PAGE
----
Now, from this first virtue of a just man, we may easily understand, how great must be the multitude of those who do not live well, and who therefore die ill. I pass by infidels, pagans, heretics, and atheists, who are completely ignorant of the Art of dying well. And amongst Catholics, how many are there who in words, " profess to know God, but in their works deny him?" Who acknowledge the mother of our Lord to be a virgin, and yet fear not to blaspheme her? Who praise prayer, fasting, almsdeeds, and other good works, and yet always indulge in the opposite vices ? I omit other things that are known to all. Let not those then boast that they possess “unfeigned” faith, who either do not believe what they pretend to believe, or else do not live as the Catholic Church commands them to do; and therefore they acknowledge by this conduct, that they have not yet begun to live well: nor can they hope to die happily, unless by the grace of God they learn the Art of living well.

Another virtue of a just man is hope, or "a good conscience," as St. Paul has taught us to call it. This virtue comes from faith, for he cannot hope in God who either does not know the true God, or does not believe Him to be powerful and merciful. But to excite and strengthen our faith, that so it may be called not merely hope, but even confidence, a good conscience is very necessary. For how can any one approach God, and ask favours from Him, when he is conscious of heaving committed sin, and of not having expiated it by true repentance ? Who asks a benefit from an enemy? Who can expect to be relieved by him, who he knows is incensed against him ?

Hear what the wise man thinks of the hope of the wicked: "The hope of the wicked is as dust, which is blown away with the wind, and as a thin froth which is dispersed by the storm: and a smoke that is scattered abroad by the wind; and as the remembrance of a guest of one day that passeth by."
(Wisdom v. 15.). Thus the wise man admonishes the wicked, that their hope is weak not strong; short not lasting; they may indeed, whilst they are alive, entertain some hopes, that some day they will repent and be reconciled to God: but when death overtakes them, unless the Almighty by a special grace move their heart, and inspire them with true sorrow, their hope will be changed into despair, and they will exclaim with the rest of the wicked: "Therefore we have erred from the way of truth, and the light of justice hath not shined unto us, and the sun of understanding hath not risen upon us. What hath pride profited us? or what advantage hath the boasting of riches brought us? All those things are passed away like a shadow," &c. (Wisdom v. 6 8.) Thus doth the wise man admonish us, that if we wish to live well and die well, we must not dare to remain in sin, even for one moment, nor allow ourselves to be deceived by a vain confidence, that we have as yet many years to live, and that time will be given to us for repentance.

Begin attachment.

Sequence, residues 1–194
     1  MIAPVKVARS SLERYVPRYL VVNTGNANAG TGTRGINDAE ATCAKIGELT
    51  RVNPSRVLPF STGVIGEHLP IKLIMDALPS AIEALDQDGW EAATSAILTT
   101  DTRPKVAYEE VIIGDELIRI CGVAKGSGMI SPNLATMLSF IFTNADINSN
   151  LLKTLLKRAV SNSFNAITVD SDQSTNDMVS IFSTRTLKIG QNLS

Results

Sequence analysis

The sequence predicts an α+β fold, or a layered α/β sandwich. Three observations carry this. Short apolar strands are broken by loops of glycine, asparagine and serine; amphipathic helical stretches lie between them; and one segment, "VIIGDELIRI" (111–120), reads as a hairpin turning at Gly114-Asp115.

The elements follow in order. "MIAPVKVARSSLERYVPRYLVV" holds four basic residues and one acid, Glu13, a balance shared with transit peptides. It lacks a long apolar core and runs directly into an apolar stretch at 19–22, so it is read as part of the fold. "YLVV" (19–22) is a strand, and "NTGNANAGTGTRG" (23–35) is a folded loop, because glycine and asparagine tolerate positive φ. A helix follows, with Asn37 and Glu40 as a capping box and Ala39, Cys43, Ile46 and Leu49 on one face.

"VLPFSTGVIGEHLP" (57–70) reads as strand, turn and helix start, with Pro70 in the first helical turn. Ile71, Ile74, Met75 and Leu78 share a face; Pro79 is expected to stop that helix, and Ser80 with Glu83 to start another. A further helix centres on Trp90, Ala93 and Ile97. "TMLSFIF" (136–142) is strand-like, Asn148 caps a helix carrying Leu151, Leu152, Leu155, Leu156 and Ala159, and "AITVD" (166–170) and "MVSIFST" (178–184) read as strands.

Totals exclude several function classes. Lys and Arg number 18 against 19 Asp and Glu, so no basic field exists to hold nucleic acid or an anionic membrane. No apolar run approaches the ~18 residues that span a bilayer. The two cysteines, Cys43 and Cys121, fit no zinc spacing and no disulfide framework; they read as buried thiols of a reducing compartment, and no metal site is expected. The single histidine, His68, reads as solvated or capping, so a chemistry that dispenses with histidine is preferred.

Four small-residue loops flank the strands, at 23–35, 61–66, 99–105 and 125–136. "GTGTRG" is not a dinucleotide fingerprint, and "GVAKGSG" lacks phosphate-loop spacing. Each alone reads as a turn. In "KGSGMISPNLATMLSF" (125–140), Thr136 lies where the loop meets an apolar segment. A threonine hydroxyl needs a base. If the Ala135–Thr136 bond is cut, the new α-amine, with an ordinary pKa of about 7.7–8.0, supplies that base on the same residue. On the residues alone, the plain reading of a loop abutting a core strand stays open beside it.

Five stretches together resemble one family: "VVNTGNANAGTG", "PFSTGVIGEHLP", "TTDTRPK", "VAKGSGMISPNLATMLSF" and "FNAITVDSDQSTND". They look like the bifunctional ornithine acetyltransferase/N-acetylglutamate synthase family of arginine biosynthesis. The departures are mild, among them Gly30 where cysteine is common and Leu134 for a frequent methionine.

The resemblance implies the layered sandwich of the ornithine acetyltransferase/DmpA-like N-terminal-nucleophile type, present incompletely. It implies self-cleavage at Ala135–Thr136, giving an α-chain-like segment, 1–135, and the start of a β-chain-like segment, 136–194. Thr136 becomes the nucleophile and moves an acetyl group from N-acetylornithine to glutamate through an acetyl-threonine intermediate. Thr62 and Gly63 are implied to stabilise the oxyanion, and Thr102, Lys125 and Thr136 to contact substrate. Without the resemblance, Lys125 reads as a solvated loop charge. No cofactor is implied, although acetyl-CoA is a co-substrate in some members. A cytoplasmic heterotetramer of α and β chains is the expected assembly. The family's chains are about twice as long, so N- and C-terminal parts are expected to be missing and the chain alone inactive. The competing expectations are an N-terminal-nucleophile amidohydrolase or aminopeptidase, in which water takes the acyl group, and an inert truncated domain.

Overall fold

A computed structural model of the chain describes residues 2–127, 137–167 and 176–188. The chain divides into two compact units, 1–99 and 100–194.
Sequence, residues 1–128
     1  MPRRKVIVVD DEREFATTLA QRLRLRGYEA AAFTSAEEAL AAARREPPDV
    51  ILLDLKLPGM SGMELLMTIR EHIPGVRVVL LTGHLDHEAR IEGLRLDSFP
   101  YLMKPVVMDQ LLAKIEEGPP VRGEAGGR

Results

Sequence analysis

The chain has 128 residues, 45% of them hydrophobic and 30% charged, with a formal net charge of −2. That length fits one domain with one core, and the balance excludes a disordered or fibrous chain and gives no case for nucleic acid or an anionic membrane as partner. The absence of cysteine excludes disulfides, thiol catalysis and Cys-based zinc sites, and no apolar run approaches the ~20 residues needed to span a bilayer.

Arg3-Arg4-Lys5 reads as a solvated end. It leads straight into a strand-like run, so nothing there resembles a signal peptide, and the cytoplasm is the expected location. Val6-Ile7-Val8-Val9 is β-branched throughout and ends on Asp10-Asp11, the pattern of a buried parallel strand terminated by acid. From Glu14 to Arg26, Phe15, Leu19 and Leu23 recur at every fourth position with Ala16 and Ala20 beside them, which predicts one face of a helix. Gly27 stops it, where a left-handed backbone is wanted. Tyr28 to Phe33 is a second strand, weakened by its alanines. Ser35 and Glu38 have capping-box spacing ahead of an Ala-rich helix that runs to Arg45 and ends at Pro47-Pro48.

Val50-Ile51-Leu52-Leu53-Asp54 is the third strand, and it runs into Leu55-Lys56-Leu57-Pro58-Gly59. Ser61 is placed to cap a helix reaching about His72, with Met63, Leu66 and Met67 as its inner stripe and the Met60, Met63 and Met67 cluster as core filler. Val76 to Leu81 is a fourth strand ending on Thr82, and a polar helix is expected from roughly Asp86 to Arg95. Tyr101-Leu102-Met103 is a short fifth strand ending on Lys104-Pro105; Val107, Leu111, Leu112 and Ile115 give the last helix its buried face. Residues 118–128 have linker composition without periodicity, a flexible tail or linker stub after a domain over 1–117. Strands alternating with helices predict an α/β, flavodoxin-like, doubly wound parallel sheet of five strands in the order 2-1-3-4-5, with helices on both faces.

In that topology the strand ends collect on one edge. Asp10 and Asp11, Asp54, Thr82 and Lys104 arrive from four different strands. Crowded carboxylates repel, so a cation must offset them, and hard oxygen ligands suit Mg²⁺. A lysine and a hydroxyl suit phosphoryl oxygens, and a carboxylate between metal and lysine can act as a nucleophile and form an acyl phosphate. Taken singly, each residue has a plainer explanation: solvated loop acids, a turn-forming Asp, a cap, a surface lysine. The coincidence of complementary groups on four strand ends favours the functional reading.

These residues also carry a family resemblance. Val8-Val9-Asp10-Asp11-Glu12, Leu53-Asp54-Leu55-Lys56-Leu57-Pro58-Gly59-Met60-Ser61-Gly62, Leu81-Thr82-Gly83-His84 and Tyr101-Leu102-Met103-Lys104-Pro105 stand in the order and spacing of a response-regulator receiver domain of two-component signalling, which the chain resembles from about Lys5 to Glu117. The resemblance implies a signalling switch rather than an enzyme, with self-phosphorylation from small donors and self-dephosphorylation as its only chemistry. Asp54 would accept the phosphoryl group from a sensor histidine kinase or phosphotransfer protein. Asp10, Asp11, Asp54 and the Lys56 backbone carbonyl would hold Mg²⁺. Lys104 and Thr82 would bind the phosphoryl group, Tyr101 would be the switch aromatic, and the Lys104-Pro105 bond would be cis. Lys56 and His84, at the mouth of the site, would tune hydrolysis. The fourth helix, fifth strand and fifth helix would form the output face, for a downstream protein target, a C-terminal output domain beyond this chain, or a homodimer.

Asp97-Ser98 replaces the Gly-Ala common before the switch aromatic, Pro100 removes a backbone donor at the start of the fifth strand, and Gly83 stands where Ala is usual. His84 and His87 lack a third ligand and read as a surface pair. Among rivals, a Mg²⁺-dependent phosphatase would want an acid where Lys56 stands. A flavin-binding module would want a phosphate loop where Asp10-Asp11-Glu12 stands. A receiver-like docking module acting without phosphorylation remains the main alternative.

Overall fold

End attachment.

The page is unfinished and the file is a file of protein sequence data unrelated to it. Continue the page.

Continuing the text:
Such a vain confidence hath deceived many, and will deceive many more, unless they wisely learn whilst they have time the Art of dying well. “There now remaineth charity, the third virtue, which is justly called the “queen of virtues;" with this no one can perish, without it no one can live, either in this life or in the next. But that alone is true charity which springs from a " pure heart: " it is "from God," as St. John saith; and also more clearly St. Paul, "The charity of God is poured forth in our hearts by the Holy Ghost, who is given to us." (Epist. to Romans v. 5.) Charity is therefore said to come from a "pure heart," because it is not enkindled in an impure heart, but in one purified from its errors by faith, according to the words of the apostle Peter: "purifying their hearts by faith: " and by divine hope, it is also purified from the love and desire of earthly things. For as a fire cannot be enkindled in wood that is green or damp, but only in dry wood; so also the fire of charity requires a heart purified from earthly affections, and from a foolish confidence in its own strength.

From this explanation we can understand what is true charity, and what false and feigned. For should we delight to speak of God, and shed even tears at our prayers should we do many good works, give alms and often fast; but yet allow impure love to remain in our heart, or vain glory, or hatred to our neighbour, or any other of those vices that make our hearts depraved this is not true and divine charity, but only its shadow. With the greatest reason then does St. Paul, when speaking of true and perfect justice, not mention simply, faith, hope, and charity: but he adds, “Now the end of the commandment is charity from a pure heart, and a good conscience, and an unfeigned faith." This is the true Art of living and dying well, if we persevere till death in true and perfect charity.


I shall be presenting this work at length, but in chapter-length installments each Sunday. If you simply can't wait for the next chapter, or want to read it all at once, you can find the full text here:

Merry Christmas & live well!